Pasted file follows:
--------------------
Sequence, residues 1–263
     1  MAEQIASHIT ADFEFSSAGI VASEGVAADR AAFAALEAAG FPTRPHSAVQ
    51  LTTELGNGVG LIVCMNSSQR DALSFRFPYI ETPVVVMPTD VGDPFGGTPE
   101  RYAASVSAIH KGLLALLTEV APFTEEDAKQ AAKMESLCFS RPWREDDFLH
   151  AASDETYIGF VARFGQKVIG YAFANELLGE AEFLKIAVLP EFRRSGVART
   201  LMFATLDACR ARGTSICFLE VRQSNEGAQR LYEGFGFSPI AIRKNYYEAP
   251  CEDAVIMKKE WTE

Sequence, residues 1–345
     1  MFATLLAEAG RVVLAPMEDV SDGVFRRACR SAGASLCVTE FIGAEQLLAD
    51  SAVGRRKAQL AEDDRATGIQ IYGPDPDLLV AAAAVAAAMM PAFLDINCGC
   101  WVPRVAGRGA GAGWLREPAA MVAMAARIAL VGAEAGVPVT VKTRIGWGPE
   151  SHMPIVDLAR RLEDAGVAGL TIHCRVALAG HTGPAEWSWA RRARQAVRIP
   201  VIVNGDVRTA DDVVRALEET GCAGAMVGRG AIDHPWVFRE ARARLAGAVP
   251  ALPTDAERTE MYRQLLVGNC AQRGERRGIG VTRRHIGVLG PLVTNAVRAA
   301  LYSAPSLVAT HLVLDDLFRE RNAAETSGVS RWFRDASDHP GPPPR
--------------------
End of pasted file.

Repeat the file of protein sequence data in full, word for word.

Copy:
Sequence, residues 1–263
     1  MAEQIASHIT ADFEFSSAGI VASEGVAADR AAFAALEAAG FPTRPHSAVQ
    51  LTTELGNGVG LIVCMNSSQR DALSFRFPYI ETPVVVMPTD VGDPFGGTPE
   101  RYAASVSAIH KGLLALLTEV APFTEEDAKQ AAKMESLCFS RPWREDDFLH
   151  AASDETYIGF VARFGQKVIG YAFANELLGE AEFLKIAVLP EFRRSGVART
   201  LMFATLDACR ARGTSICFLE VRQSNEGAQR LYEGFGFSPI AIRKNYYEAP
   251  CEDAVIMKKE WTE

Sequence, residues 1–345
     1  MFATLLAEAG RVVLAPMEDV SDGVFRRACR SAGASLCVTE FIGAEQLLAD
    51  SAVGRRKAQL AEDDRATGIQ IYGPDPDLLV AAAAVAAAMM PAFLDINCGC
   101  WVPRVAGRGA GAGWLREPAA MVAMAARIAL VGAEAGVPVT VKTRIGWGPE
   151  SHMPIVDLAR RLEDAGVAGL TIHCRVALAG HTGPAEWSWA RRARQAVRIP
   201  VIVNGDVRTA DDVVRALEET GCAGAMVGRG AIDHPWVFRE ARARLAGAVP
   251  ALPTDAERTE MYRQLLVGNC AQRGERRGIG VTRRHIGVLG PLVTNAVRAA
   301  LYSAPSLVAT HLVLDDLFRE RNAAETSGVS RWFRDASDHP GPPPR